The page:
It is argued that the various activities involved with the making of ideas and images for the management of human life are crucial for the production of energy in any society, especially in periods of instability. This energy makes it often possible to allow societies not only sustain themselves over time, or survive, but also successfully compete on an inter-societal level, which basically can be considered to be “success”. The role of the ideational laborers, as individual agencies, assuming different titles/personae in different historical contexts, such as thinkers, idea-makers, intellectuals, poets, artists, can be shown to have been a major force since antiquity. It has become even more visible since the tools appropriated by the ideational industries have become more tangible, but at the same time it is no longer certain that in the current state of affairs it is the established industries, such as literature or “the arts”, that still are the center of the leading forces. If analyzed from the point of view of heterogeneity theories, the powerful forces that create options for life management may hide in spaces still not visible to researchers who normally look only at the conspicuous institutions.
About the Speaker:
Itamar Even-Zohar, born in Tel Aviv 1939, is Professor of Culture Research and Porter Chair Professor of Semiotics at Tel Aviv University, where he has functioned since 1995 as Chairperson of the new Unit for Culture Research. His research in recent years has been clustering around initiatives of change for the management of social and personal life, and their relations to the sustainability of societies. Such initiatives are taken by “idea-makers” and often implemented by “cultural entrepreneurs”. Therefore, “intellectual labor”, or “the industry of ideas”, which also includes the industries of the production of life images (such as literature), is a central component in the array of discernible parameters relevant to the bundle of questions involved with this research. Conceptually, this work is based on concepts of heterogeneity (or complexity), partly developed earlier by Even-Zohar under the name of “Polysystem theory”. In earlier stages of his work he also contributed to the study of translation as a complex and dynamic activity governed by system relations rather than by a-priori fixed parameters of comparative language capabilities. This has subsequently led to studies on literary interference, eventually analyzed in terms of intercultural relations.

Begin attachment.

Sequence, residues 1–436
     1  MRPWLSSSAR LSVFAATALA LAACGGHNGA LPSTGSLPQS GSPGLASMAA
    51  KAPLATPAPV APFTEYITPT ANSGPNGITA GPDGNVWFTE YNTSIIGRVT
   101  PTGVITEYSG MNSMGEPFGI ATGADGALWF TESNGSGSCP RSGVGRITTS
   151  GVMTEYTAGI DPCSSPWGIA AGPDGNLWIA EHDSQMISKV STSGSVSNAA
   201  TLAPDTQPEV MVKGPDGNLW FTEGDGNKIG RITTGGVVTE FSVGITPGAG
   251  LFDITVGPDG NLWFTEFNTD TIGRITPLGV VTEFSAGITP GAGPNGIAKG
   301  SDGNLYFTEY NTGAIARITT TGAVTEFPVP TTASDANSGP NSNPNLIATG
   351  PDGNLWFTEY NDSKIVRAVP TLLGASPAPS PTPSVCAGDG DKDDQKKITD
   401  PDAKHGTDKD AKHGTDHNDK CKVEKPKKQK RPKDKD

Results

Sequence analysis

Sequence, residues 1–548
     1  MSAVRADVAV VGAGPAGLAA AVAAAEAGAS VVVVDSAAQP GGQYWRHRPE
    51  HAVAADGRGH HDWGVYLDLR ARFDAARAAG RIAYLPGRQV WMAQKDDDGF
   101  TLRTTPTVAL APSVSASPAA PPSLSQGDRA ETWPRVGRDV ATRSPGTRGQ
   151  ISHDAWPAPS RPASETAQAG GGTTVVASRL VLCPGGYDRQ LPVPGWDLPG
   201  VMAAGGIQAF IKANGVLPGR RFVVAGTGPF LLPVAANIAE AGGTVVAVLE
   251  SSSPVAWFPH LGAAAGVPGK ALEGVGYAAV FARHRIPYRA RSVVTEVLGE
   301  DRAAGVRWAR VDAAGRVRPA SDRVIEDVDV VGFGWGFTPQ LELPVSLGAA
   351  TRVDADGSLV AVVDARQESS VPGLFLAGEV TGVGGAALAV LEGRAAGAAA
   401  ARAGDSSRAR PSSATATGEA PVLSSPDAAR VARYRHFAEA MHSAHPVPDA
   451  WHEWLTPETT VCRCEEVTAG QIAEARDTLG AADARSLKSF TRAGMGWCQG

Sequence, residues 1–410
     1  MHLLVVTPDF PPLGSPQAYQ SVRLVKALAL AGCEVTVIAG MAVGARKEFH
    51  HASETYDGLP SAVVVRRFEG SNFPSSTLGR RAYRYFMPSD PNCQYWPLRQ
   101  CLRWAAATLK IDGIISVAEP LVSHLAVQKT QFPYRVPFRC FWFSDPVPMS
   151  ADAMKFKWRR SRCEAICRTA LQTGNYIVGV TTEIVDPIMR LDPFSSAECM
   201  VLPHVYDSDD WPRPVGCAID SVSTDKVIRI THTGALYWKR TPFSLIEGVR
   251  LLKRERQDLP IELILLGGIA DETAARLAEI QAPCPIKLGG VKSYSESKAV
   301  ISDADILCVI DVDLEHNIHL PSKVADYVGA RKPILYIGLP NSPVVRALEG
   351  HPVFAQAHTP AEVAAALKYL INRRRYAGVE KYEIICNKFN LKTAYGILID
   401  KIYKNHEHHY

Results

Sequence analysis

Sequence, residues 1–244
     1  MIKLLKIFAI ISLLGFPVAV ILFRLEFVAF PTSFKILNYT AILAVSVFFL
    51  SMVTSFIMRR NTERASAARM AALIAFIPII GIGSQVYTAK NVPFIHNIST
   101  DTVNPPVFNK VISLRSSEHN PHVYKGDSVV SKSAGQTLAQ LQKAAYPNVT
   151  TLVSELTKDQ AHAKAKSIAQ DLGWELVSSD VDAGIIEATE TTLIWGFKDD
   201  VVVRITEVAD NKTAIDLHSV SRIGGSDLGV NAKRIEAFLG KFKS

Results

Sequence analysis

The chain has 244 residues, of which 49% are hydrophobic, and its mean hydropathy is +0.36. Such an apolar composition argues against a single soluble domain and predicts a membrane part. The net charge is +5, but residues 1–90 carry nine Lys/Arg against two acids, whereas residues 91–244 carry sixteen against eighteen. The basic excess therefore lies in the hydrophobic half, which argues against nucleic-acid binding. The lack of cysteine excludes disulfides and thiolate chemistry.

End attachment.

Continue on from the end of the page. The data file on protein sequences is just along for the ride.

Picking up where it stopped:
His major collections of works thus far are: Papers in Historical Poetics (Tel Aviv, 1978), and Polysystem Studies (Durham: Duke UP; =Poetics Today 11:1), 1990. A new collection of papers, Papers in Culture Research will include his papers since 1993. (All three collections are available from Even-Zohar’s Website.)
Full bio-bibliographical details and publications are available from his Website: